Roosevelt faced a major dilemma regarding the Hatch measure—to sign or not to sign. Although he favored political reform, the President disliked some aspects of the Congressional version of the bill. He easily could have vetoed the legislation and risked stimulating further charges from conservatives that the administration was making political use of relief. At least fourteen Senators and Representatives personally wrote letters or sent telegrams to the President urging him to veto the Hatch bill. Congressman Keller of Illinois requested that Roosevelt reject “this outrageous measure,” while Representative William Nelson of Missouri remarked: “It is the hope of many of us who did our best to defeat the Hatch‑Dempsey bill that you will veto this vicious measure.” Celler of New York, along with several other New Dealers, canvassed the House members and contended that “a veto of the Hatch Bill would be sustained beyond question.”
At the last minute Hatch persuaded Roosevelt to sign the bill. In a letter to the President dated July 28, the New Mexico Democrat gave assurance that his measure would not restrict any Federal employees from engaging in voluntary political activities except campaign speeches. According to Hatch, Federal employees still could attend Jackson Day Dinners and make voluntary political contributions. He also reiterated the nonrevolutionary nature of the bill, claiming that Congress intended “to make exactly the same rules which now apply to employees under the classified service applicable to those in the non‑classified service.”
As a result of these assurances, the President on August 2 signed the political reform bill. Far from overjoyed, he approved the measure with the understanding that Federal employees still could attend political meetings and make unsolicited political contributions. Besides affirming the constitutionality of the legislation, he also considered the Hatch Act “a step in the right direction” toward establishing “decency in political campaigns.” Nevertheless, he warned that major judges should not make the measure “a gag act.” Hatch, fearful that the President would veto the bill, praised Roosevelt’s actions and immediately telegraphed “THANK YOU!”
The 1939 Act was the crowning achievement of Hatch’s political career. Hatch undoubtedly played the most prominent role in securing Congressional regulation of political activity of Federal employees. Desiring to reform the WPA relief program and to lessen the influence of the Tingley‑Chavez organization, he eagerly participated in the Senate Campaign Expenditures Committee investigations and helped to write a comprehensive measure to regulate political practices of Federal workers. He actively sought Presidential intervention when the House Judiciary Committee pigeonholed the measure and altered the bill in an attempt to correct various weaknesses. Hatch’s floor speech in late July averted the possibility of a conference committee deadlock, while his subsequent understanding with the President prevented a likely veto. Above all, Hatch had initiated one of the first major attempts to regulate modem federal government.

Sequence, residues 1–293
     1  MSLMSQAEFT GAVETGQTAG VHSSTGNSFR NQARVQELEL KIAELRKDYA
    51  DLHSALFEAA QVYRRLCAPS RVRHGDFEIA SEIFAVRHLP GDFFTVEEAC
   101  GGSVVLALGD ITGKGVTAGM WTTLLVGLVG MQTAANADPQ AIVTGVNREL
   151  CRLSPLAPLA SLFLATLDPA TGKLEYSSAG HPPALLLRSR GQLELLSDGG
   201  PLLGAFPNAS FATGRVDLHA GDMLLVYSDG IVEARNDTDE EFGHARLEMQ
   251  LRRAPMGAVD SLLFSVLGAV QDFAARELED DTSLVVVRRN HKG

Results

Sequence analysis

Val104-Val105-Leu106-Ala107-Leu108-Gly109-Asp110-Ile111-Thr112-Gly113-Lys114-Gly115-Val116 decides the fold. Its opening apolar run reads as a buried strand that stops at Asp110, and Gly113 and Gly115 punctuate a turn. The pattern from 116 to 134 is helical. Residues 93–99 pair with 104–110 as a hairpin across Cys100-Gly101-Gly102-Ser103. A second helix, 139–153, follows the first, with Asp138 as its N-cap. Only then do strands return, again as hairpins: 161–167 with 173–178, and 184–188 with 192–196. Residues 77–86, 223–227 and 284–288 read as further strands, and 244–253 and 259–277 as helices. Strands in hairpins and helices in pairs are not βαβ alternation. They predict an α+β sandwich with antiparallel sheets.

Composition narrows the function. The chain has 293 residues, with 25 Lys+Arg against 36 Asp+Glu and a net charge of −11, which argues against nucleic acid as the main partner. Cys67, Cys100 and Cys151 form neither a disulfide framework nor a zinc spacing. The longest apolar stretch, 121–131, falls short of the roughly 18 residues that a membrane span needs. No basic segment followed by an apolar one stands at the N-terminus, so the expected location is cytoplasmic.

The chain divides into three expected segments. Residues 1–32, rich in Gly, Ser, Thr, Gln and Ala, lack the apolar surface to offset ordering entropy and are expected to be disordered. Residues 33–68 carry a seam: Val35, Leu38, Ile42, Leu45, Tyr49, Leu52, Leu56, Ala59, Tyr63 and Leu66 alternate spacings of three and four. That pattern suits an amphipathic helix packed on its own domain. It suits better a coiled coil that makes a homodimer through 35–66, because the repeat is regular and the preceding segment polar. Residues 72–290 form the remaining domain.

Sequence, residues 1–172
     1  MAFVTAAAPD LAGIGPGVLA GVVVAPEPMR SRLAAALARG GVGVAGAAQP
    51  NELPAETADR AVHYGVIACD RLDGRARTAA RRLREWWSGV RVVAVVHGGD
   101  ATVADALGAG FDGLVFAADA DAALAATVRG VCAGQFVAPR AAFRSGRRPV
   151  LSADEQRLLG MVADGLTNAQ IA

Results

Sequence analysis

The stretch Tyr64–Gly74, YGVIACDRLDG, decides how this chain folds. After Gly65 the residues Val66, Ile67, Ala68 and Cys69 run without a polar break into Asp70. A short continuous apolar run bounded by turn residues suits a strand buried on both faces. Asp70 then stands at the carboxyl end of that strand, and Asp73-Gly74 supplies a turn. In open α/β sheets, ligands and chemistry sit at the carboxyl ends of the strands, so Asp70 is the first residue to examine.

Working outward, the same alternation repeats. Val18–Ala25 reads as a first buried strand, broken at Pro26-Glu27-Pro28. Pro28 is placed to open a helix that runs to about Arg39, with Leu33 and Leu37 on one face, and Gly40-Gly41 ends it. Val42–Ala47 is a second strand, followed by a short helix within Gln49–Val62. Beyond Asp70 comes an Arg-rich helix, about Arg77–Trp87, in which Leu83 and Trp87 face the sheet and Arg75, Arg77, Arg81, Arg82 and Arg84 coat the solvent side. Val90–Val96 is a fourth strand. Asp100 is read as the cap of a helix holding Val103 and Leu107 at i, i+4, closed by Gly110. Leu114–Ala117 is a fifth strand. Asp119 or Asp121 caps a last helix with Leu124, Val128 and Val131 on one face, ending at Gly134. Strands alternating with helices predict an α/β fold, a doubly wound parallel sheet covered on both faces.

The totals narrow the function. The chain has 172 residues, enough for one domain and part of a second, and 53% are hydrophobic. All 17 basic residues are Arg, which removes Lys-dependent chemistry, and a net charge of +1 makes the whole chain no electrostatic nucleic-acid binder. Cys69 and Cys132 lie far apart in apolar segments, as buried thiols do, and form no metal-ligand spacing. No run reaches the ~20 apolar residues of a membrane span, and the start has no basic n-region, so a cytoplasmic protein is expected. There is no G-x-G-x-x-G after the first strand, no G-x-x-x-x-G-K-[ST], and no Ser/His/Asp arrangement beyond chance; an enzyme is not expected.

During the next year, Hatch expanded the scope of his legislation.The Hatch Act of 1939 restricted only the political practices of Federal workers, but state and local government employees still could participate actively in Federal elections. State and municipal officials, who far outnumbered Federal personnel, theoretically could still influence or coerce the voting behavior of WPA workers. Therefore Hatch proposed applying the act to state and local government officials and preventing individuals or groups from contributing over $5,000 to any political party or candidate in Federal elections. Since 1940 was a Presidential election year, Hatch’s measure provoked extensive debate in Congress. But Hatch triumphed again by late summer and significantly increased the impact of the original measure.
1. For brief descriptions of the Hatch Act of 1939, see William Leuchtenburg, Franklin D. Roosevelt and the New Deal (New York, 1963), p. 270; Bascom Timmons, Garner of Texas: A Personal History (New York, 1948), p. 259; Elmer Schattschneider, Party Government (New York, 1942), pp. 166‑68; James MacGregor Burns, Roosevelt: The Lion and the Fox (New York, 1956), p. 418; Basil Rauch, Roosevelt: From Munich to Pearl Harbor (New York, 1950), pp. 189‑90; and James Patterson, Congressional Conservatism and the New Deal (Lexington, Ky., 1967), pp. 315, 318, 328.
2. There is no biography of Senator Hatch available yet, and the Hatch Papers still are not open for historical research. I am indebted to William H. Pickens who provided me with many valuable insights about the Senator and about New Mexico politics in the New Deal period.